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View Full Version : Life LNBS: Electrically minded folk please apply


Discuss Thrower
02-20-2012, 03:09 AM
So, me and Raiderroommate live in a loft apartment that was probably cheaply built. I acquired a new Emerson microwave that is apparently on the same circuit as our refrigerator. It seems as if every seventh usage of said microwave will pop the circuit breaker and knock off the entire wall's plug-ins (the fridge, most importantly).

In short, is there any danger of this electrical issue becoming something bigger and killing people? Additional info: kitchen area has an island with two outlets and a dishwasher, but the outlets are non functioning (found out when the minifridge housing my beer was mysteriously warm) but the dishwasher still works though flipping the breakers has no effect on the outlets.

Any info would be greatly appreciated, thank you.

Oh, and DISCUS

big nasty kcnut
02-20-2012, 05:10 AM
No not really you should be fine.

RubberSponge
02-20-2012, 05:36 AM
First off, I'm not an electrician. No where close to one. But overloading a circuit is never a good thing and unlike the previous poster, if it is overloading that much I would be very concerned about it. Unless you like to play with potential house fires that is. I would call the landlord to check it out and at least put your concerns in writing about it just for future record if need be. You really only want to run a breaker at no more than 75% capacity. Meaning if you are using a 15a breaker, I wouldn't be using anymore than 11a on that breaker.

I would find out how many amps the breaker is and then find out which outlets are on it. And then do the addition on how many amps are being used with the things that are plugged into it's outlets and then go from there.

ExtremeChief
02-20-2012, 05:56 AM
The breaker is probably tripping when the microwave is running and the compressor for the fridge kicks on at the same time. Breakers aren't technically "switches" and over time will deteriorate from multiple trips.

Call your landlord. He can at least get the outlets on the island working for you and, if the breaker you are resetting is a 15 amp, he can put in a 20 amp breaker and probably solve the problem.

I've done electrical work, mainly in an industrial setting, for many years and I can tell you that you don't want the breaker to catch on fire, or the wiring. It isn't a remote possiblility. It can and does happen quite frequently.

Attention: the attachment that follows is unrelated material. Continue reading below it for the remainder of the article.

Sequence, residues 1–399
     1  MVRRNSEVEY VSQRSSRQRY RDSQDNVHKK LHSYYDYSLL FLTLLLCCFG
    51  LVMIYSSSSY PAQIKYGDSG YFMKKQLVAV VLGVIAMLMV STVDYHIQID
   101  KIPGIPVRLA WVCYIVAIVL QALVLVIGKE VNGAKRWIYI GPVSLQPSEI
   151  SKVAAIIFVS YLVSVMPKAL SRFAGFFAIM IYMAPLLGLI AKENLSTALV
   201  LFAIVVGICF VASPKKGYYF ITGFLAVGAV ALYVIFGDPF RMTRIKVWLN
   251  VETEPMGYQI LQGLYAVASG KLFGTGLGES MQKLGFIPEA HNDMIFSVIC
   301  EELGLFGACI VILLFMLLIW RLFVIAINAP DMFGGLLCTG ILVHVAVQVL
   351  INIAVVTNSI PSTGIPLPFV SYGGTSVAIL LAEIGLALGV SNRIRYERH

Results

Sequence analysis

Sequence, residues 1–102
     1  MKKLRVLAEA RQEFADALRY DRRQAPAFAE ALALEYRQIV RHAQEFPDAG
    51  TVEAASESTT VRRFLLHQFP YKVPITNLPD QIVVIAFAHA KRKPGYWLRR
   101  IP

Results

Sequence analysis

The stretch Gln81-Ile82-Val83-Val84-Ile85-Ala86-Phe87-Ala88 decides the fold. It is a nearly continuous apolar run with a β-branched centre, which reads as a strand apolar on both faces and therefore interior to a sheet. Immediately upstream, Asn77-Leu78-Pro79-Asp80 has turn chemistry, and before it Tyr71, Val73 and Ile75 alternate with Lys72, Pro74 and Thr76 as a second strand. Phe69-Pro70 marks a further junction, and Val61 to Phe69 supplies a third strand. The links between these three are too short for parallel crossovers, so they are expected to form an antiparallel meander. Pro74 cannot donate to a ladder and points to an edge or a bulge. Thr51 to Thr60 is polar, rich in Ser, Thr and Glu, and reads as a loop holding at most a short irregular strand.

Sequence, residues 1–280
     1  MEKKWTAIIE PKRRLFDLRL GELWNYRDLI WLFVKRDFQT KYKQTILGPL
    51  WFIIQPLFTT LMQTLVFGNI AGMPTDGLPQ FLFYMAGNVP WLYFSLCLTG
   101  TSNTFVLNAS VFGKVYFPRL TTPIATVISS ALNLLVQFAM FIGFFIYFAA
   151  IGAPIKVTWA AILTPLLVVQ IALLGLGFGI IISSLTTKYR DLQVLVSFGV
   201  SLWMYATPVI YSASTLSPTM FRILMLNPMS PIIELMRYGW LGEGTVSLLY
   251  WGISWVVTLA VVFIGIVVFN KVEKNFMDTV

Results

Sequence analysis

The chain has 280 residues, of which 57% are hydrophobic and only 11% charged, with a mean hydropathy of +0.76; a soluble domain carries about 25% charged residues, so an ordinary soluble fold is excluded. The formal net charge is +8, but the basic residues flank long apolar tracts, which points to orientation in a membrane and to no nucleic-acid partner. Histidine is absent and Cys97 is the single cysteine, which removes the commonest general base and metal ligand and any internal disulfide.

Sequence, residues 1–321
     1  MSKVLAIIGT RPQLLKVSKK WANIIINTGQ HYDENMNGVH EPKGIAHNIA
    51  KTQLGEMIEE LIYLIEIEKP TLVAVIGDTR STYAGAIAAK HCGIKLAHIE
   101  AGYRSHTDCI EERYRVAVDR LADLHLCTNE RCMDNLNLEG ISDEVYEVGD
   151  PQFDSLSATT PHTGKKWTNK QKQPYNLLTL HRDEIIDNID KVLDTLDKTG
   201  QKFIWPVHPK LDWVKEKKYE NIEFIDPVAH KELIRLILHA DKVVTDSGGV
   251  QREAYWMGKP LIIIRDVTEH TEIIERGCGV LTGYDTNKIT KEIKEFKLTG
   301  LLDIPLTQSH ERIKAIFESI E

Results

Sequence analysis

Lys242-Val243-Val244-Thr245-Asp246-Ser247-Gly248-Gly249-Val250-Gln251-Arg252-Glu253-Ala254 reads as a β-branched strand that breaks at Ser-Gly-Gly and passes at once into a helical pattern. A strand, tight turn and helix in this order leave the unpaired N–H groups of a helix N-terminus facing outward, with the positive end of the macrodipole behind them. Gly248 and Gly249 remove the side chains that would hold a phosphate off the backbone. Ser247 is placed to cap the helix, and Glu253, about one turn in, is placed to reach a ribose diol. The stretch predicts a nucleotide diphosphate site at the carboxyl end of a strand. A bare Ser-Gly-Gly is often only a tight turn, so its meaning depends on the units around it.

Extra Point
02-20-2012, 06:45 AM
CALL YOU LANDLORD is right. Typically, a breaker is used solely for each appliance, except on the countertop. Countertops are to have a GFCI (Ground Fault Circuit Interrupter) breaker within two feet of either side of a kitchen sink, and every four feet of counter space. Dishwasher and disposal each have their own breaker. GFCI's f*** with fridges, so putting a breaker in, solely for the fridge, is acceptable in most areas.

That's not much help, but, that's what I've learned from an electrical contractor friend.

Baconeater
02-20-2012, 06:48 AM
Check the island for a tripped GFI, that could be why none of the outlets work.

oldman
02-20-2012, 06:55 AM
Extra and Bugeater are both correct. First, check for a tripped GFI. Second, call your landlord.

oldman
02-20-2012, 06:56 AM
BTW, the GFI can be reset at the outlet. Also check to see if that GFI appears in multiple locations such as your bathroom.

bevischief
02-20-2012, 07:28 AM
You are going to die.

tmax63
02-20-2012, 07:52 AM
As above, definately get the landlord in on this. GFI's are the easiest to reset and before you just bump a breaker from 10 to 15 or 15 to 20 in the panel you'll need to make sure the wiring can handle it. Better a breaker pop than wiring heat up. Adding a circuit sounds like the way to go unless you can split the microwave and frig onto 2 separate circuits.

loochy
02-20-2012, 08:09 AM
LBNS? LGBT?

Jack
02-20-2012, 10:04 AM
The problem is the "inrush" current caused by compressor when the motor kicks in. All motor driven electrical devices suffer this. Some may notice light flicker sometimes and it is due to this. It is the spike caused by this inrush that trips breakers. BUT. . .

given that the age/type fridge is unknown, your MW and fridge SHOULD coexist in a 15A protected line. You may just have a bad breaker. Most modern fridges deal with inrush and add protection for this.